I come by my love of words honestly. My late father was a college photography professor but started his career as an English professor. My mother, a retired elementary school principal and teacher, was a bibliophile who carried a card for every library system within a one hour radius of our home when I was growing up (she still does). I spent every summer in not just one but several library summer reading programs. With parents that modeled and encouraged my inveterate reading, it is no surprise that I was eventually drawn to writing. In our family, the word was practically sacred.
I was born in the Queens borough of New York and though we moved upstate to the suburbs when I was two, we returned so often to our Irish and German family homesteads in Ridgewood and Glendale that these Queens neighborhoods continue to exert a profound hold on my imagination. Trailing my grandmother on her errands to Bohacks’ grocers, Jay Rose ladies’ boutique and the five and dime, strolling with my grandfather to Merkens soda fountain for a chocolate egg cream, all against the perpetual rumble of the Myrtle Avenue “El,” remain the dominant memories of my childhood. So were the grown-up conversations at the coffee clatches my aunts brought me to, where Perego prams lined the sidewalk out front. Inside, whispered gossip and the laughter of babies being passed back and forth made their own music. No matter where I have traveled or lived, most recently, for over two decades in the South, it is this place, the Queens of the last century, that resonates most deeply for me as a writing subject.
Books that reflected this city world, such as A Tree Grows in Brooklyn and All of a Kind Family influenced me a great deal growing up. Later these would be followed by the work of William Maxwell, Alice McDermott, Charles Baxter, Nicole Krauss, Richard Bausch, Tayari Jones, Rebecca Makkai, Chaim Potok, Laurie Colwin, and Adam Gopnik. A few of these writers attend to rural life, but most center on the rich blur of city life that mirrored what I knew.
I began writing my novel The Lost Son (forthcoming from Regal House Publishing in Spring 2022) in the years after 9/11, which impacted my extended New York family acutely. I had young children then and I feared for them, for all of us, in the early days of that new landscape, suffused as it was with the anthrax attacks and new terrorist threats (2020 to 2001 me; ha, you ain’t seen nothing yet). One way of coping was to explore in my fiction the story of my step-great grandmother, who had overcome great trauma and betrayal in her first marriage to live out her later years with my great grandfather, her second husband, in relative peace. If she could overcome such tragedy, surely I could address my own fears and carry on.The lesson turned out to be a powerful one and even now that my two boys are grown young men, one I continue to return to in difficult times.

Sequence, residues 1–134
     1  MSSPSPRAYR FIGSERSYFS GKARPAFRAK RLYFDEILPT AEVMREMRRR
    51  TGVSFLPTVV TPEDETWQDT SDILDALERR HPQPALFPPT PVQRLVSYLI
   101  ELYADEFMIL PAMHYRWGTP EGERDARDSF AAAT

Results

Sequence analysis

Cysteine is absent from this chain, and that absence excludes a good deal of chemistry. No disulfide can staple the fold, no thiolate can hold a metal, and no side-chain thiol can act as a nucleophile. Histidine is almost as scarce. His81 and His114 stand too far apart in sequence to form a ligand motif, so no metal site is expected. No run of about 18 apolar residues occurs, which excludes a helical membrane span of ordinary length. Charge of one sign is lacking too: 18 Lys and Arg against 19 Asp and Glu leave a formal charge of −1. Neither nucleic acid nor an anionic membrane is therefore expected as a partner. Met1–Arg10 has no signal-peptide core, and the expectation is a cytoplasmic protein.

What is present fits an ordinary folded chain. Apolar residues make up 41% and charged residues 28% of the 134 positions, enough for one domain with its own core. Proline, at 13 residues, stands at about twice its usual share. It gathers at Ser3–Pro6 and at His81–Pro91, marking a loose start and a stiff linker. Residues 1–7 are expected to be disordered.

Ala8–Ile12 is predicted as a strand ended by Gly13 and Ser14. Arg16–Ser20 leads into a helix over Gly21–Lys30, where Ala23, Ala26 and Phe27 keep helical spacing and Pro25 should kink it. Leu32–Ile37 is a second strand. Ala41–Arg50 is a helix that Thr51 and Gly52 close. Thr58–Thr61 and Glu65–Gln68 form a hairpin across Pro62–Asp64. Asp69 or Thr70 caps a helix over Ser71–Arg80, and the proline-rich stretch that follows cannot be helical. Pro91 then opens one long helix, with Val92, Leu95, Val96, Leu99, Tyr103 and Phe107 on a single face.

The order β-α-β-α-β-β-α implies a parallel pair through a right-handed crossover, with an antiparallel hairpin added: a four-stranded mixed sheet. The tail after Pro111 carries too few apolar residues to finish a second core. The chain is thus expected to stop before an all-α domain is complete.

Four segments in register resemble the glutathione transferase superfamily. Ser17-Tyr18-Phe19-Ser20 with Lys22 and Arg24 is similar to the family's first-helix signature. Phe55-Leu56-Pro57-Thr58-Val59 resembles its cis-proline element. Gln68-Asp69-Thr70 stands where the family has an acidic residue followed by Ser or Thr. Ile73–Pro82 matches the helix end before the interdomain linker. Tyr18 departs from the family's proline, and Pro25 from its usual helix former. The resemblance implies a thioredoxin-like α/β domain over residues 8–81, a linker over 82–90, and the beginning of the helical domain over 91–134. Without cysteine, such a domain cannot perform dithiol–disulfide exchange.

In addition to The Lost Son, I have published The Geek’s Guide to the Writing Life: An Instructional Guide for the Rest of us, inspired by the Huffington Post blog I wrote from 2012-2018. Currently, I’m working on a multi-generational novel set in Astoria, Queens, that follows a family formed from the ashes of the burning and sinking of the steamship General Slocum in the East River in 1904 through the twentieth century. I also continue to write creative nonfiction.
I have another life, as an academic writer, determined to demystify and revolutionize the teaching of creative writing in higher education today, a topic I am utterly passionate about, a passion that has translated into several books, and dozens of essays and articles. I’m particularly proud of the most recent of these, also from Bloomsbury, Can Creative Writing Really Be Taught? which came out in 2017. The tenth anniversary of the ground-breaking collection published in 2007, this new volume is doubled in size, with most of the original essays updated and expanded and several essays on the cutting edge in the field.
My background includes an undergraduate degree from Connecticut College, an MFA in fiction writing from George Mason University and a Ph.D. in English with a creative dissertation from the University of Louisiana-Lafayette. A professor of Creative Writing at the University of Central Arkansas, I also direct the Arkansas Writers MFA Workshop. I am also the Southern Regional Chair for the Association of Writers and Writing Programs (AWP) Board of Directors.
I live with my partner, John Vanderslice (the writer, not the indie musician), and an assortment of pets in a hundred-year-old American Foursquare in Conway, Arkansas, about forty minutes north of Little Rock. My two dogs, Mario, a rat terrier mix, and Asuna, a greyador mix, are my writing companions. Writing, family and teaching consume most of my life but otherwise, you can find me wandering a flea market or thrift shop when I can.
The elevated train tracks in Queens; John Vanderslice and me around 2010.